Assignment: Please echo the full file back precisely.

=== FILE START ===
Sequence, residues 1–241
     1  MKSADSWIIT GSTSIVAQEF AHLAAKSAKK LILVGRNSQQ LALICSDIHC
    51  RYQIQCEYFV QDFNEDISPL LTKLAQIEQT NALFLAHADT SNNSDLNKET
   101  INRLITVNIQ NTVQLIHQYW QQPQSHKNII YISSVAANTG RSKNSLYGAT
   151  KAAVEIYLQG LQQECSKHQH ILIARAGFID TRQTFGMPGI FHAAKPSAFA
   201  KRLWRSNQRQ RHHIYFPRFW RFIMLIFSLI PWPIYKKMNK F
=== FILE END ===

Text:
Sequence, residues 1–241
     1  MKSADSWIIT GSTSIVAQEF AHLAAKSAKK LILVGRNSQQ LALICSDIHC
    51  RYQIQCEYFV QDFNEDISPL LTKLAQIEQT NALFLAHADT SNNSDLNKET
   101  INRLITVNIQ NTVQLIHQYW QQPQSHKNII YISSVAANTG RSKNSLYGAT
   151  KAAVEIYLQG LQQECSKHQH ILIARAGFID TRQTFGMPGI FHAAKPSAFA
   201  KRLWRSNQRQ RHHIYFPRFW RFIMLIFSLI PWPIYKKMNK F